The BBC has for some years been enamored with the idea of "perceptive media," which loosely put, means content that adapts to its audience. The British broadcaster first experimented with an animated audio play that used your listening location to inform several minor elements of the story, like the weather. A "Perceptive Radio" took the concept one step further, playing different tunes based on environmental sensor data and other factors such as the listener's distance from the device. This year, however, the BBC's R&D team has been working with the altogether more complicated medium of video, creating a short film that is largely personalized for each unique viewer.
For this "visual perceptive media" project, the BBC developed a mobile app that analyzes music listening habits and asks questions about users' personalities. Paired with age and gender info, the resulting personal profile automatically tailors the short film to the perceived preferences of the viewer. The action may be different in some scenes, one character may get more screen time than another, and certain scenes may be cut altogether, for example. Storyline and direction aside, the whole appearance of a shot can be altered with different color grading, and the film's score takes cues from your music tastes.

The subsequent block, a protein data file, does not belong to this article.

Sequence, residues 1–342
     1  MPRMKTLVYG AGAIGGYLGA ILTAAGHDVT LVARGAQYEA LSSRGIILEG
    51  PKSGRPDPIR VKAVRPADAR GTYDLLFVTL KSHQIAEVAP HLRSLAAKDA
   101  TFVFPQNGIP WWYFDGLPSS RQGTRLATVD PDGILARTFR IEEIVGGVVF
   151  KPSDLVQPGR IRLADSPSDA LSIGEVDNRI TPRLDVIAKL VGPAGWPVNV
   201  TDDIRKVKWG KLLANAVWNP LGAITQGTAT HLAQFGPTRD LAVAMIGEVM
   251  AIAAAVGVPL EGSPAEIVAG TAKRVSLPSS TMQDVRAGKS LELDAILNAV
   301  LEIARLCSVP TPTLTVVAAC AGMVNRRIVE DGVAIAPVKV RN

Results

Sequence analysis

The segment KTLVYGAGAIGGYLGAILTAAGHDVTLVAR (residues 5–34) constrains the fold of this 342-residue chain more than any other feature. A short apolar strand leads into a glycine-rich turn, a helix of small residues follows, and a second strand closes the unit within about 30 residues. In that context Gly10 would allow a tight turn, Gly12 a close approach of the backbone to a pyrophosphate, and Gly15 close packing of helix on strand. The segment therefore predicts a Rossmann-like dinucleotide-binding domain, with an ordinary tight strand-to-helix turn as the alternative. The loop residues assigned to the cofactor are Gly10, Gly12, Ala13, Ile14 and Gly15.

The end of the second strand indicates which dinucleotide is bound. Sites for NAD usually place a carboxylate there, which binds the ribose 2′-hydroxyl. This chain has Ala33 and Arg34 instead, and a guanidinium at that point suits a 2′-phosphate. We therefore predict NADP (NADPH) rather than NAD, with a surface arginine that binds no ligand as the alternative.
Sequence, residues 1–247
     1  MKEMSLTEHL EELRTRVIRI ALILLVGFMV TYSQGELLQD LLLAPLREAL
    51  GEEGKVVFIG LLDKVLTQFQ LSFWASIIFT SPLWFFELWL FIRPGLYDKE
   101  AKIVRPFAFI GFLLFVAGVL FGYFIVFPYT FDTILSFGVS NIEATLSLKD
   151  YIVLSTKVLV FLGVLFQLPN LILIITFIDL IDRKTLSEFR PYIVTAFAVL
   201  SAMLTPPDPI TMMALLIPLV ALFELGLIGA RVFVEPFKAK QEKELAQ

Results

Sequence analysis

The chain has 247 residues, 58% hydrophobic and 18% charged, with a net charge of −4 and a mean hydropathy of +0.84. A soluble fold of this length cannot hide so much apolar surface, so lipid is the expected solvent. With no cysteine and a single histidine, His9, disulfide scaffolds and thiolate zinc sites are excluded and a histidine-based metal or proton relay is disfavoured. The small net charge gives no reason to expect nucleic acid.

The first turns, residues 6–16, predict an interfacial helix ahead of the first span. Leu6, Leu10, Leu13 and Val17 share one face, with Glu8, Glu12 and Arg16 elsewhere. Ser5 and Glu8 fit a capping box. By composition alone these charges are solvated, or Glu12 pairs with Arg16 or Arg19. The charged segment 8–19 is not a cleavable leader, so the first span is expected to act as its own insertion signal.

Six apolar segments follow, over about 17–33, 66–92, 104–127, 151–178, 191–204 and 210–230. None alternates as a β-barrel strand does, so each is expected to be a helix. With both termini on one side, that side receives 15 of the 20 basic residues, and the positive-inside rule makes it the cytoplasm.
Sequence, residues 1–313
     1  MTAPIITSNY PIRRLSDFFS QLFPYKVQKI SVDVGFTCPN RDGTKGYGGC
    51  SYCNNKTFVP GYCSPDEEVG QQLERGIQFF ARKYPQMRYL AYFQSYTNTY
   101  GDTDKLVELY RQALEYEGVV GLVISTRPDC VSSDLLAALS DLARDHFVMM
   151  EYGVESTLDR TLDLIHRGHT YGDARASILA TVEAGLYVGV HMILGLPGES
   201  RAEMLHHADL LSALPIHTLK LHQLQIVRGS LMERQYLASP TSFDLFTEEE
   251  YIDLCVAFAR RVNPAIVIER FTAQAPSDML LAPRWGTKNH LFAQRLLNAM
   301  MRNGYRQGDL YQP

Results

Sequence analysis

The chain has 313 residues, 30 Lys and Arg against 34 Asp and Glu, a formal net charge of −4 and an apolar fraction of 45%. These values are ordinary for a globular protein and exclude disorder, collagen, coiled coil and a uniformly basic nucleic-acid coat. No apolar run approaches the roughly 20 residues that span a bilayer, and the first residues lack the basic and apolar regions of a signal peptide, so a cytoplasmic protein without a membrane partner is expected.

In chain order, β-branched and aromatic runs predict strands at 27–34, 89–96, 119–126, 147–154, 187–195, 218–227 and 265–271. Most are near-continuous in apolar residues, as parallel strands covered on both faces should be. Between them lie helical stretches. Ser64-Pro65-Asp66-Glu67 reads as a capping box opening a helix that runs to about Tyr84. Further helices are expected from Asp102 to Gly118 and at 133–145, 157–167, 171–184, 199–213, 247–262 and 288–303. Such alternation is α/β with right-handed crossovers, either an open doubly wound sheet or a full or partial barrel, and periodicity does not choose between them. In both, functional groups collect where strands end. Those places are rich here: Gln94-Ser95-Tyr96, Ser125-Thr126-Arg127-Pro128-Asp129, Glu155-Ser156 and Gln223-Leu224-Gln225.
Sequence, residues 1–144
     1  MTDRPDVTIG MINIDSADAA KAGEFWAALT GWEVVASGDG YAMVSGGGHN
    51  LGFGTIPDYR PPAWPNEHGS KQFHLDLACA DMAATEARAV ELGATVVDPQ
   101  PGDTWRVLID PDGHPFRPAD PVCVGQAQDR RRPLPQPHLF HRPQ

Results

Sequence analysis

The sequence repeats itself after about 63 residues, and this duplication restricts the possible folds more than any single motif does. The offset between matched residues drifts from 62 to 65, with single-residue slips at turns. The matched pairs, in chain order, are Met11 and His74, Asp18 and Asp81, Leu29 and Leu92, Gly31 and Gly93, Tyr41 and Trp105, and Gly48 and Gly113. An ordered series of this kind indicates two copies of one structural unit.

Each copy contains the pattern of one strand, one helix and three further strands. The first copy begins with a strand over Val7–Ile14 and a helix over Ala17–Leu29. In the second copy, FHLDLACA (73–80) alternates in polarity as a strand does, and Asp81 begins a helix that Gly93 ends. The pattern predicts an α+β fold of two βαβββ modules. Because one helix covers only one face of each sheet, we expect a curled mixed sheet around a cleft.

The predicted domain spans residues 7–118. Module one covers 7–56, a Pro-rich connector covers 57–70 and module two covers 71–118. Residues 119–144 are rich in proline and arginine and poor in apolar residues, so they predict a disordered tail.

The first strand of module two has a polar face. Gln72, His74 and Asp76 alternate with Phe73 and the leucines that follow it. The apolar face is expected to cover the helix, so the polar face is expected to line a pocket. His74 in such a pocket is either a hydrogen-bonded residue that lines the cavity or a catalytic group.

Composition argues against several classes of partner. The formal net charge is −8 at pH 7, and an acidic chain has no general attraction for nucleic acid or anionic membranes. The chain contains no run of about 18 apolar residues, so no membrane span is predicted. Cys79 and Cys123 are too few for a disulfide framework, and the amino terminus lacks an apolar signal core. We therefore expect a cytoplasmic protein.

In the future, the BBC believes perceptive media could use data from all kinds of services, perhaps adapting to your mood in real-time. You could also get more value out of repeat viewings, watching the same content several times and having different experiences. Only a select few have been party to this video experiment, but the BBC is working on a public prototype to test with a larger audience. Personalization to this degree is certainly an interesting concept, but we do have one slight reservation. How are we supposed to natter about the latest episode of our favorite show when we all watched something different?